# Estimate ‘N Measure: A Fun Math Game for Measuring Irregular Shapes

In this game, kids will have the opportunity to practice measuring irregular shapes using either inches or centimeters. We hope you give this game a try and see how much fun math can be!

# Focus on Measurement – ULTIMATE Resource!

Focus On Measurement I think teaching measurement should be fun because there are so many real world questions kids ask every day that are answered using the vocabulary and concepts of measurement. How big am I? […]

# Find the Longest Piece {Measurement Activity}

Use a pencil and ruler to draw several different lines all the way across the length or width of a piece of paper. Make lines diagonally at different angles instead of horizontally or vertically.

Make several copies of the paper with lines drawn in this manner. Using a paper cutter, slice the paper into the given pieces and place pieces from one paper into separate envelopes.

# Measurement Scavenger Hunt {Measurement Activity}

This game will help students learn to measure by practising on various objects. Write down a list of different measurements, such as 1 inch, 6 inches, 2 feet, 1 yard and give students a copy of the list.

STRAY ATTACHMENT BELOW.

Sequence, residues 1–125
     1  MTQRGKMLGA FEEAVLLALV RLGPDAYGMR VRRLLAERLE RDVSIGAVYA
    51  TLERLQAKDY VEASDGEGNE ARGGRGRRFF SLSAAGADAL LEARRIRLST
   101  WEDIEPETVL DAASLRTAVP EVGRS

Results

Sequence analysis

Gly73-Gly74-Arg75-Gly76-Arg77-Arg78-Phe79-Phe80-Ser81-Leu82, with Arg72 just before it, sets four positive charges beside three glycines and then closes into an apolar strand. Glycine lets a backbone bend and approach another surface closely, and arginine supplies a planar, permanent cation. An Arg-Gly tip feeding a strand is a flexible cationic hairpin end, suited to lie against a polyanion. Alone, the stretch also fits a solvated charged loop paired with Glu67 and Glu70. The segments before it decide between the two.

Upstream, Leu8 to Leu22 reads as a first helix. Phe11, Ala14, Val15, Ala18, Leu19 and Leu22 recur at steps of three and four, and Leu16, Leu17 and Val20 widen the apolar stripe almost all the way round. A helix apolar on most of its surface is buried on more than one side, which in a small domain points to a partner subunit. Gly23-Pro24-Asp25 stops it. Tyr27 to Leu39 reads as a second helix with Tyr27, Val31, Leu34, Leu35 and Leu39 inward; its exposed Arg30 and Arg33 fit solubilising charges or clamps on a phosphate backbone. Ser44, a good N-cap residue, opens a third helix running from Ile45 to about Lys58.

Students will walk around the classroom or playground and try to find objects that match these measurements. The first student to finish the list wins the game.

# Measuring Up to Abe Lincoln {Measurement Activity}

Students will work in pairs. They each need pencils, rulers, bulletin board paper (one sheet for each student big enough to trace bodies), a life-size cut out of Abe Lincoln (Draw and measure this, or ask the art teacher for help!) hung up on the wall as if standing so students can see how tall he actually is.

# Using the Metric System {Measurement Activity}

Divide your class into groups of four and, first, have students measure and record the length of each member’s smile in their group. Have them compare their results with all members of the group. Students return to seats as you record each of their measurements on the board. Students need to record the results of each student’s smile as well at their seat.